…..If there’s one thing all doctors want to avoid – it’s a medical malpractice lawsuit. Unfortunately, it is quite common for doctors to get sued; roughly 1 out of every 3 doctors have had a malpractice claim filed against at least once in their career. Furthermore, research from the American Medical Association (AMA) indicates that older doctors appear to have a higher risk of having claims filed against them, as nearly 50% of older doctors (aged 55 or more) have been sued, as opposed to only 8.2% of younger doctors aged 40 or less. Read on to uncover five common reasons why doctors get sued by patients and gain helpful insight on what to avoid.
- Slow Diagnosis – Patients tend to file claims against doctors when they feel that they were harmed by a diagnosis that took too long to make. Time is always of the essence for a physician, as it has a direct effect on treatment and recovery. Medical practitioners need to always be aware of this possibility, because doctors may still be stuck with this type of lawsuit despite being careful.
- Failure Of Communication – This may surprise some people, but it is not uncommon for doctors to be sued for failing to communicate important information regarding a patient’s health. It is important for doctors to always remember to document all findings and relay all information to the patient and/or their selected family members – in a language they can understand.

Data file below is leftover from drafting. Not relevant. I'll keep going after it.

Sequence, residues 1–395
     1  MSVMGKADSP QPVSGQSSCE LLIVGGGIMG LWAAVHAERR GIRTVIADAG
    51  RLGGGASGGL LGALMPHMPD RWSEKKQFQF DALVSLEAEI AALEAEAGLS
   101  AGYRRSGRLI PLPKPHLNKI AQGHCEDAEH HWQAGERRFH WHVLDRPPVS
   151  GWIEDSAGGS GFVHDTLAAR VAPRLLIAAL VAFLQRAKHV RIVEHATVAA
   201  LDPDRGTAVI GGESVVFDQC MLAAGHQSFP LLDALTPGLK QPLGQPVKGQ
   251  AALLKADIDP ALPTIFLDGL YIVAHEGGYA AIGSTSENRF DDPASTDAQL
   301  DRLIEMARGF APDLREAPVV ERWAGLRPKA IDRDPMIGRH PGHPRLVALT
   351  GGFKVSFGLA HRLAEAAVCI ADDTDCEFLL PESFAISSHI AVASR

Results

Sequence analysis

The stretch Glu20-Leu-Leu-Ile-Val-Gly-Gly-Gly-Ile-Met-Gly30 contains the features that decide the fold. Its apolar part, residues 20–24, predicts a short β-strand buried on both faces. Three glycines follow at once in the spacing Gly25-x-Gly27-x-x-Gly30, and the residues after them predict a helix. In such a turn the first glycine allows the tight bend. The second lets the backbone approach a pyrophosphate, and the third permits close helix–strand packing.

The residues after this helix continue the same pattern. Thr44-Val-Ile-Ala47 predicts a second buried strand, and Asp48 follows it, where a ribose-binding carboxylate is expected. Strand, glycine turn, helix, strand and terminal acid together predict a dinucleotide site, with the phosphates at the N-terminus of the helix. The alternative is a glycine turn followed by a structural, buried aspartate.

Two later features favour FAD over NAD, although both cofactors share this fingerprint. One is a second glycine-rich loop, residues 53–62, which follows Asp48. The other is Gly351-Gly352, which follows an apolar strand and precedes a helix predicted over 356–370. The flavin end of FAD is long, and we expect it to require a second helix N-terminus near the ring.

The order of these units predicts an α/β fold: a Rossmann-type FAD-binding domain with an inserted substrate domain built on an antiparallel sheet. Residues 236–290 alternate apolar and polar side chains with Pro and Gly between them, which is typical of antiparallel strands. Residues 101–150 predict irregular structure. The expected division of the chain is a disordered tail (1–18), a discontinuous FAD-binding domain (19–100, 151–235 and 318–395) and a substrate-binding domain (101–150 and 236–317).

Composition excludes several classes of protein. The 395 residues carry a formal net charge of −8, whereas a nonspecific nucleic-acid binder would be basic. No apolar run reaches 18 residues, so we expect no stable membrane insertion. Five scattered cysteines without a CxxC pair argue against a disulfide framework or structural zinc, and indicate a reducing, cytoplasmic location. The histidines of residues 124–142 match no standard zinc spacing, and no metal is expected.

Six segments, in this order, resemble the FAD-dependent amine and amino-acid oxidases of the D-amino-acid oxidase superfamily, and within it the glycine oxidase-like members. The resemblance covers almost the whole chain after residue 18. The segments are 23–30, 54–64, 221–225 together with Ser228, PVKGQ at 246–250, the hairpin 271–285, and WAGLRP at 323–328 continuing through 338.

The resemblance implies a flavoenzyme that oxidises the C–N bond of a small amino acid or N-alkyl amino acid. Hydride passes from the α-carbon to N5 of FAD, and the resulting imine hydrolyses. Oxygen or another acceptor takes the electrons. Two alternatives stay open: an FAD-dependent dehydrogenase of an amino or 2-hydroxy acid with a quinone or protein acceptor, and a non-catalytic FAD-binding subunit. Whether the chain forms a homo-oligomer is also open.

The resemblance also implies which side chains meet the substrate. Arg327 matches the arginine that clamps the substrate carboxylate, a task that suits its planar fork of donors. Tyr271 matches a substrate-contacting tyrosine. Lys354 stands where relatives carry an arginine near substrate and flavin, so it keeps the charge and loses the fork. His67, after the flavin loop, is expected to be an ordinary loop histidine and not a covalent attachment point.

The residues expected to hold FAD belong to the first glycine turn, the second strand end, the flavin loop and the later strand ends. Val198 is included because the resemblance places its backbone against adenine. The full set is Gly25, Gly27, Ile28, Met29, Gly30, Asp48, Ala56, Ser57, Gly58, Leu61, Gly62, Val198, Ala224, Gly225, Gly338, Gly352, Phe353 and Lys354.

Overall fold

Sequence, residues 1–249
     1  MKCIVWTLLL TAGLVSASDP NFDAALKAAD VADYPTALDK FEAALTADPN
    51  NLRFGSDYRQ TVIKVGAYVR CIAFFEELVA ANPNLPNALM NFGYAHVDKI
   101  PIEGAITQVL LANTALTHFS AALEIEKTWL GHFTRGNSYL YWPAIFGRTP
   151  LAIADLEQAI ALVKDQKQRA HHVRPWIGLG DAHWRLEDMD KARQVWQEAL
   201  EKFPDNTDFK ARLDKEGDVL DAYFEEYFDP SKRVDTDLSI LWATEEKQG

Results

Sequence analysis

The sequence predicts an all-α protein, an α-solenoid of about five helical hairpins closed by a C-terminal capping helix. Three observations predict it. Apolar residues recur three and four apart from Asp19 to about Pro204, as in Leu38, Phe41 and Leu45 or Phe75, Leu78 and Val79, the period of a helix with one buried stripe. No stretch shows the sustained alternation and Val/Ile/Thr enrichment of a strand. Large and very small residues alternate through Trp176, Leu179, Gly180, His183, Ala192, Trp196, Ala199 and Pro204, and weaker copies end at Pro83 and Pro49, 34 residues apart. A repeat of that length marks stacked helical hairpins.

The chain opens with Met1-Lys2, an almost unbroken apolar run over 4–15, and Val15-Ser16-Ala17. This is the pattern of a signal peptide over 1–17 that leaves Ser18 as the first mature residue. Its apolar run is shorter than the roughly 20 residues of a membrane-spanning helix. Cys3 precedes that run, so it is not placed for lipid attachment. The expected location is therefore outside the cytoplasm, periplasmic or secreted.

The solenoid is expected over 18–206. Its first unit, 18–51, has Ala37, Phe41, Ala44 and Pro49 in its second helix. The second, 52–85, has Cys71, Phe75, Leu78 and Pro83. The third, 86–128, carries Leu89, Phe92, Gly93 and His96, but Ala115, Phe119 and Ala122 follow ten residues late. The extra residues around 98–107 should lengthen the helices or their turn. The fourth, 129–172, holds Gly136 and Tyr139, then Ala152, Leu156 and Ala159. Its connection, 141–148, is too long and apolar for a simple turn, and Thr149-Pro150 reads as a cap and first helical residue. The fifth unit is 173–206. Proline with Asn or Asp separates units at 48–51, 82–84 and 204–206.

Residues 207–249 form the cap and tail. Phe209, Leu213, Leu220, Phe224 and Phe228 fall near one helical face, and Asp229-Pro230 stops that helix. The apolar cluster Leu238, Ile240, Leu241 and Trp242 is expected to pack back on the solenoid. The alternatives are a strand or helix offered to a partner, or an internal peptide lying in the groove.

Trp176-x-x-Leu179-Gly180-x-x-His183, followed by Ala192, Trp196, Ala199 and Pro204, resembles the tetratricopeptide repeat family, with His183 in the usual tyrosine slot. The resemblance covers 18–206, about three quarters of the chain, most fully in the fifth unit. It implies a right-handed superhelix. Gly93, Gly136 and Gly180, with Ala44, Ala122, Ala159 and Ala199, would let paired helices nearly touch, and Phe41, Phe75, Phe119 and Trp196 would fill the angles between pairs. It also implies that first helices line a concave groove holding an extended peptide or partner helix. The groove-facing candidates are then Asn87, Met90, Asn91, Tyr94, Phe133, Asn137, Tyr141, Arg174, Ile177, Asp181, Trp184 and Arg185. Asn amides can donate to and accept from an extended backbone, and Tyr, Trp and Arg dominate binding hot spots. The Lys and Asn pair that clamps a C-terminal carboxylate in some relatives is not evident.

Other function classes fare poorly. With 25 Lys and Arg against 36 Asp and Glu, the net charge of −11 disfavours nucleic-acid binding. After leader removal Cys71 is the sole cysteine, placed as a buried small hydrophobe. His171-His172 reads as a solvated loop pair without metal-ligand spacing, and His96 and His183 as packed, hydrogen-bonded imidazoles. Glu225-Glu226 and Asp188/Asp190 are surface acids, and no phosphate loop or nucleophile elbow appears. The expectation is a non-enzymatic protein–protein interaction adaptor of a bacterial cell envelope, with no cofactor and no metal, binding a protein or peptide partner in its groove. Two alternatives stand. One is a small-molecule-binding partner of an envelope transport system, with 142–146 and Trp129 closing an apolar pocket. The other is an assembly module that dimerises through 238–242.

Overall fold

- You Leaked Personal Health Information – Carelessness is usually the culprit when a patient’s Personal Health Information (PHI) is leaked out by a doctor. Be very careful when discussing cases with other doctors and make sure you only share PHI with your team, your staff, your patient and their selected family members. Always protect your patient’s right to privacy – be very careful when communicating with others at all times.
- Prescription Errors And/Or Medicine Side Effects – Be very careful when prescribing medicines to patients. Do your research and be certain that you are suggesting the best possible medication and be mindful of what you write in your prescriptions. Even something as simple as adding or subtracting a zero on the milligram measurements can be extremely dangerous for your patient. Also, all medicines have side effects. As a doctor, it is your responsibility to make sure your patients understand the side effects of the medicine you prescribe to them and document their experiences ingesting the medication.
- Malfunction Of Medical Equipment/Devices – Be aware when endorsing a patient for the use of specialized medical equipment and devices (such as a pacemaker or colostomy bag). Maintain open communication about any possible issues with their devices and if they are no longer required, recommend discontinuing its use.
…..Doctors always have plenty to worry about when it comes to their practice – so when there’s an opportunity to delegate a task to an external strategic partner, you take it! Let TukkoMed step in and take a load off your shoulders! Find a better way, contact us today!